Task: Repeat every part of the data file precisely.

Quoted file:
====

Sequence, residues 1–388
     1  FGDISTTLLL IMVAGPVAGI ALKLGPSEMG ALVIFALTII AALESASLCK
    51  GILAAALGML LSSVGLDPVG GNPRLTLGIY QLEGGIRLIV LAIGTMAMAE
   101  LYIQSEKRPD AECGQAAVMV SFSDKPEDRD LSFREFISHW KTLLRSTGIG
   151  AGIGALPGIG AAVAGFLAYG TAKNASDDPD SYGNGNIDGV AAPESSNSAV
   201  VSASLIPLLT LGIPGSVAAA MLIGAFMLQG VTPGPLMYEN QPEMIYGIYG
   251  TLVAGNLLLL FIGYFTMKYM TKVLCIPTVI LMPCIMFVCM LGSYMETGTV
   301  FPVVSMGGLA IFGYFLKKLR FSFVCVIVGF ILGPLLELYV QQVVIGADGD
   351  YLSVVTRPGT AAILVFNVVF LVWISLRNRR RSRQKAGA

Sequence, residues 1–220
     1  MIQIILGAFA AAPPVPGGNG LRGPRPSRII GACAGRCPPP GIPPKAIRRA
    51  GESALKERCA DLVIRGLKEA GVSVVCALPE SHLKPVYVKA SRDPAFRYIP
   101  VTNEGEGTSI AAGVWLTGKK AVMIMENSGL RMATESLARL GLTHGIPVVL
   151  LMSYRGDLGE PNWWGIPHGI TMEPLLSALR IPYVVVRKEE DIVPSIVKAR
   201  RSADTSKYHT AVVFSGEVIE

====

Sequence, residues 1–388
     1  FGDISTTLLL IMVAGPVAGI ALKLGPSEMG ALVIFALTII AALESASLCK
    51  GILAAALGML LSSVGLDPVG GNPRLTLGIY QLEGGIRLIV LAIGTMAMAE
   101  LYIQSEKRPD AECGQAAVMV SFSDKPEDRD LSFREFISHW KTLLRSTGIG
   151  AGIGALPGIG AAVAGFLAYG TAKNASDDPD SYGNGNIDGV AAPESSNSAV
   201  VSASLIPLLT LGIPGSVAAA MLIGAFMLQG VTPGPLMYEN QPEMIYGIYG
   251  TLVAGNLLLL FIGYFTMKYM TKVLCIPTVI LMPCIMFVCM LGSYMETGTV
   301  FPVVSMGGLA IFGYFLKKLR FSFVCVIVGF ILGPLLELYV QQVVIGADGD
   351  YLSVVTRPGT AAILVFNVVF LVWISLRNRR RSRQKAGA

Sequence, residues 1–220
     1  MIQIILGAFA AAPPVPGGNG LRGPRPSRII GACAGRCPPP GIPPKAIRRA
    51  GESALKERCA DLVIRGLKEA GVSVVCALPE SHLKPVYVKA SRDPAFRYIP
   101  VTNEGEGTSI AAGVWLTGKK AVMIMENSGL RMATESLARL GLTHGIPVVL
   151  LMSYRGDLGE PNWWGIPHGI TMEPLLSALR IPYVVVRKEE DIVPSIVKAR
   201  RSADTSKYHT AVVFSGEVIE